Hacking & Security
Office supply retailer Staples is investigating a possible breach of its systems following reports from the banking industry of fraudulent credit and debit card transactions at stores in the northeastern United States.
On Tuesday, the company acknowledged that a breach may have occurred and that it had contacted the appropriate law enforcement agencies. The retailer declined to provide further details.
“Staples is in the process of investigating a potential issue involving credit card data and has contacted law enforcement,” a spokesperson said in a statement sent to Ars. “If Staples discovers an issue, it is important to note that customers are not responsible for any fraudulent activity on their credit cards that is reported on a timely basis.”
Last week, Ars reported on the story of Anonabox, an effort by a California developer to create an affordable privacy-protecting device based on the open source OpenWRT wireless router software and the Tor Project’s eponymous Internet traffic encryption and anonymization software. Anonabox was pulled from Kickstarter after accusations that the project misrepresented its product and failed to meet some basic security concerns—though its developers still plan to release their project for sale through their own website.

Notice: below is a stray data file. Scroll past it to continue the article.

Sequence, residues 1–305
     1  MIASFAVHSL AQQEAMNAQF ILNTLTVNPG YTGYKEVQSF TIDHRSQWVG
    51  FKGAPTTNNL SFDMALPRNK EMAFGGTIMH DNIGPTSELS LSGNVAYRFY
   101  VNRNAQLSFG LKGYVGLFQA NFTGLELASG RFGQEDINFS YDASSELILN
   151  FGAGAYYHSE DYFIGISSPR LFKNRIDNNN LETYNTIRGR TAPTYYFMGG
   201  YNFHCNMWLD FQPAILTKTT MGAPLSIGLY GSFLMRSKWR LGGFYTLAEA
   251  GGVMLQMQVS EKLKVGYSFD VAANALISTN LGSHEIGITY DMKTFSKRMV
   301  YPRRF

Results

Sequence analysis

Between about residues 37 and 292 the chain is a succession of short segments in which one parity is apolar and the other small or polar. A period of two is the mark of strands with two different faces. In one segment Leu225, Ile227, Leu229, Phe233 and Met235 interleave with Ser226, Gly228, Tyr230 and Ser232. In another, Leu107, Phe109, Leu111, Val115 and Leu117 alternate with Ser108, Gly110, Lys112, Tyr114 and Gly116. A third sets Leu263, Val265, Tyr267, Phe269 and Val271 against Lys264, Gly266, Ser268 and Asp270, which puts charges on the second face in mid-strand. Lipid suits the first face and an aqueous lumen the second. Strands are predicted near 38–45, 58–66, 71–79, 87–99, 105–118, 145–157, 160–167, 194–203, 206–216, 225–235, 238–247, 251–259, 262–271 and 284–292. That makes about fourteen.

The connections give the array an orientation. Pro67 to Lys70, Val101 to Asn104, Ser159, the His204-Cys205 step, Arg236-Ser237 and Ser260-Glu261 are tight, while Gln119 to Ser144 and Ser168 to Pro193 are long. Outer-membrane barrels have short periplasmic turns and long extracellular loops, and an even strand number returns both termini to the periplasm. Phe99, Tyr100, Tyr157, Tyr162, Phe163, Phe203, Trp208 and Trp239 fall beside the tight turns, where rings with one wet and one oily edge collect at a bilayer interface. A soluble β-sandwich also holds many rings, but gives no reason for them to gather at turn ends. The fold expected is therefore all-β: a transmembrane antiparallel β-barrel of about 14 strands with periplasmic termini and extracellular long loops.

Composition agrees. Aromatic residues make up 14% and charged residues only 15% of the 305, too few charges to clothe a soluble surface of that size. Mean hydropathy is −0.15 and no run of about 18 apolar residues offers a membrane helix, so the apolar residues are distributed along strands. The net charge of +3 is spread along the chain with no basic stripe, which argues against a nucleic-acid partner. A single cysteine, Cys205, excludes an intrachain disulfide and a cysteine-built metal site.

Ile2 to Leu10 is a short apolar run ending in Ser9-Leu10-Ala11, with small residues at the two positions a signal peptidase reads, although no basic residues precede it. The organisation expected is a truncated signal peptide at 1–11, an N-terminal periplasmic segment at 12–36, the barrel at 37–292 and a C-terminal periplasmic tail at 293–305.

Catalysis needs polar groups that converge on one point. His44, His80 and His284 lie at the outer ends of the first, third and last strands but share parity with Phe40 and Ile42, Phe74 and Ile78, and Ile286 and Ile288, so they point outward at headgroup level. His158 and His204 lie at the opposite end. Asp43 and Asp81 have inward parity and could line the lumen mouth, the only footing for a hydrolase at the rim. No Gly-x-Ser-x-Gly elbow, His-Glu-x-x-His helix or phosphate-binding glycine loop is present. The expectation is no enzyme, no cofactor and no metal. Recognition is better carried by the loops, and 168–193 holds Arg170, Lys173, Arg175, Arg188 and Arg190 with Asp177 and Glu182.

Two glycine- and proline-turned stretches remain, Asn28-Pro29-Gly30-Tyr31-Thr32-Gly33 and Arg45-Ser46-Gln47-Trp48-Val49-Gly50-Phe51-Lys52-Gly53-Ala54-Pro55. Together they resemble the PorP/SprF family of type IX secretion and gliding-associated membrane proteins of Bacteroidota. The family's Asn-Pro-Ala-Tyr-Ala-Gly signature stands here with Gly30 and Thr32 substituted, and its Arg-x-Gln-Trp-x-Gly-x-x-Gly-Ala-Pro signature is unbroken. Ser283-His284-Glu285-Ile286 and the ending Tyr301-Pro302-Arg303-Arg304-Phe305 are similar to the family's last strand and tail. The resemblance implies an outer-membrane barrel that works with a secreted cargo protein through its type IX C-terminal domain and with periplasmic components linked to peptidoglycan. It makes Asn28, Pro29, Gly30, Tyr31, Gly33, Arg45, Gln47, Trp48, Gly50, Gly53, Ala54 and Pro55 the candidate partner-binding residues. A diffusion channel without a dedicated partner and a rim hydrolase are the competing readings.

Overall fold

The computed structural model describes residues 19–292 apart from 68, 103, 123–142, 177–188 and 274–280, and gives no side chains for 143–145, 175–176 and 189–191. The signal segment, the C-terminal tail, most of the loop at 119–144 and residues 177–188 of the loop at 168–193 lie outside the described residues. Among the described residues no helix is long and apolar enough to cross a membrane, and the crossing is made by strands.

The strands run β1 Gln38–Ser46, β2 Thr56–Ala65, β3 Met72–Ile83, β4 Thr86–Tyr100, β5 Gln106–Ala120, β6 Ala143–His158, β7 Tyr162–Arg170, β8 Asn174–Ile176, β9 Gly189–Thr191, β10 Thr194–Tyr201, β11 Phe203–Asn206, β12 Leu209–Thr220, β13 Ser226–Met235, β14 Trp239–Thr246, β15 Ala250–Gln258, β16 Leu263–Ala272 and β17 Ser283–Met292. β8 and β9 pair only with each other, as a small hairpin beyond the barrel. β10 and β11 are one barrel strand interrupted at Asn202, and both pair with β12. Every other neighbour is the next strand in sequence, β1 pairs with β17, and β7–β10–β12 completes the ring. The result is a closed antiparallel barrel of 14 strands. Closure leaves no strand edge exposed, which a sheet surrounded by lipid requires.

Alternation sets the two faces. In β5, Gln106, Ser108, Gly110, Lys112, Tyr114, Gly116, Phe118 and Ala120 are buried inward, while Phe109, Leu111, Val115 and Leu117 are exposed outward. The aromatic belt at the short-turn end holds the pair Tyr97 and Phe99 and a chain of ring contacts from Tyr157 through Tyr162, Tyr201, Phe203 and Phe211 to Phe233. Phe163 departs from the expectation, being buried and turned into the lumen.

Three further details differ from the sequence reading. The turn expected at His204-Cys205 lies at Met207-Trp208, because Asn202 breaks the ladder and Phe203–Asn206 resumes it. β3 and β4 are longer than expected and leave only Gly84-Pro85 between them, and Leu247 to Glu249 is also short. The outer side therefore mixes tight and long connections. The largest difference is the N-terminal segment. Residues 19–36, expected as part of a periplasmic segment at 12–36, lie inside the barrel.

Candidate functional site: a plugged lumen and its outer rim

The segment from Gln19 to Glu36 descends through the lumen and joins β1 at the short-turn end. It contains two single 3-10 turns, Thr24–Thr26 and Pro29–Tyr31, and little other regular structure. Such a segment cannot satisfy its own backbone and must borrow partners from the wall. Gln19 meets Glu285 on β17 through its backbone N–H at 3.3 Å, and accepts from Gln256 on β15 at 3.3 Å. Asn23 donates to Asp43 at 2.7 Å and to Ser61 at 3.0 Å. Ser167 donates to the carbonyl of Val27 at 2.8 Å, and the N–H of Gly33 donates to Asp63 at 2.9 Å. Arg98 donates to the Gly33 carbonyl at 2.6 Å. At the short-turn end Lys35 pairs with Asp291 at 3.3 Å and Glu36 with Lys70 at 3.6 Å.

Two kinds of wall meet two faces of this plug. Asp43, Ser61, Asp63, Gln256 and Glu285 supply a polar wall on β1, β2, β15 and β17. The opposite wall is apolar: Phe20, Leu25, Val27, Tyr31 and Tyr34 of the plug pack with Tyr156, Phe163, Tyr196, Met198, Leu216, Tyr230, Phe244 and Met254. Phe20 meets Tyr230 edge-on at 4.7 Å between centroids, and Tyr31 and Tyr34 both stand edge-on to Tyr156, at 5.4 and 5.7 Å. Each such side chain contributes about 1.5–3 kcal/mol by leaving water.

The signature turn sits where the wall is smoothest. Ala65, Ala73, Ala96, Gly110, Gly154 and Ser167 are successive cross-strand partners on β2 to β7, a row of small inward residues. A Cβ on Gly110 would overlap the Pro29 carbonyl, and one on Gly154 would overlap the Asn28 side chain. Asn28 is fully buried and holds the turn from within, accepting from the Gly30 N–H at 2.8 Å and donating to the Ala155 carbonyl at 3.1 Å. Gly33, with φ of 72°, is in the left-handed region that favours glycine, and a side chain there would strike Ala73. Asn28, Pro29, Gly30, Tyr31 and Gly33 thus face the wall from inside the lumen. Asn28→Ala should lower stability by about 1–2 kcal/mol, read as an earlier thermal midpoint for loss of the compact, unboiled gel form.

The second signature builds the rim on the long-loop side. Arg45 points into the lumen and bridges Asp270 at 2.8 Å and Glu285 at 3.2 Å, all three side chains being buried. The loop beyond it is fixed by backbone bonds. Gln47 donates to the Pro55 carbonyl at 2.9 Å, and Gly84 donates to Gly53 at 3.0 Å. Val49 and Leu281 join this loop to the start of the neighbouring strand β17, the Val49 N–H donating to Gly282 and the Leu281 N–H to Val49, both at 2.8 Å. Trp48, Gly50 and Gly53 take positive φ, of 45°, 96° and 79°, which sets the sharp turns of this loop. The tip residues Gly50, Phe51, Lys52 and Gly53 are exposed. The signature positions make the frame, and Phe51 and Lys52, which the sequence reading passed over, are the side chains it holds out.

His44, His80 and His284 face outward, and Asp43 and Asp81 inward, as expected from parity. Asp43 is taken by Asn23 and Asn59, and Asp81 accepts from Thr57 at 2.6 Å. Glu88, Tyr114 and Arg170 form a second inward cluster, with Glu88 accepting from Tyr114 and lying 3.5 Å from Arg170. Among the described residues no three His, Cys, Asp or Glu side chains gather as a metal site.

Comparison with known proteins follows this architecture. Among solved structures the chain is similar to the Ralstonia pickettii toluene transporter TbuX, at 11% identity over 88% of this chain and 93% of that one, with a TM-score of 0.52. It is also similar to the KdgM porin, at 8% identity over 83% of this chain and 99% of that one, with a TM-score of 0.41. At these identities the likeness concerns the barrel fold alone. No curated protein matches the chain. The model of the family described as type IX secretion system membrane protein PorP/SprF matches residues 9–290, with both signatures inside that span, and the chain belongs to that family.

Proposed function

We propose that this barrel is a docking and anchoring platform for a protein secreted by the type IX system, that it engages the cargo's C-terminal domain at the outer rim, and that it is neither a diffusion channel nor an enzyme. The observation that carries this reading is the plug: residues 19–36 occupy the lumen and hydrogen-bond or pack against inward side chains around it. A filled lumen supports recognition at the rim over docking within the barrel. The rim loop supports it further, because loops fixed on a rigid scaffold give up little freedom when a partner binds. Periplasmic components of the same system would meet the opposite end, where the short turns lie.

But Anonabox’s brief campaign on Kickstarter has demonstrated demand for a simple, inexpensive way to hide Internet traffic from prying eyes. And there are a number of other projects attempting to do what Anonabox promised. On Kickstarter competitor Indiegogo there’s a project called Invizbox that looks almost identical to Anonabox—except for the approach its team is taking to building and marketing the device.
Based on the Chinese-built WT 3020A—a small wireless router that appears identical to the box that was the basis for the Anonabox—the Invizbox will have similar specs to the cancelled Kickstarter: 64 megabytes of RAM, 16 megabytes of Flash storage, and the Linux-based OpenWRT embedded OS. The main difference, according to the Dublin, Ireland-based team behind Invizbox (Elizabeth Canavan, Paul Canavan, and Chris Monks) is that their Tor router will be locked down better—and they won’t pretend that they’re using custom-built hardware.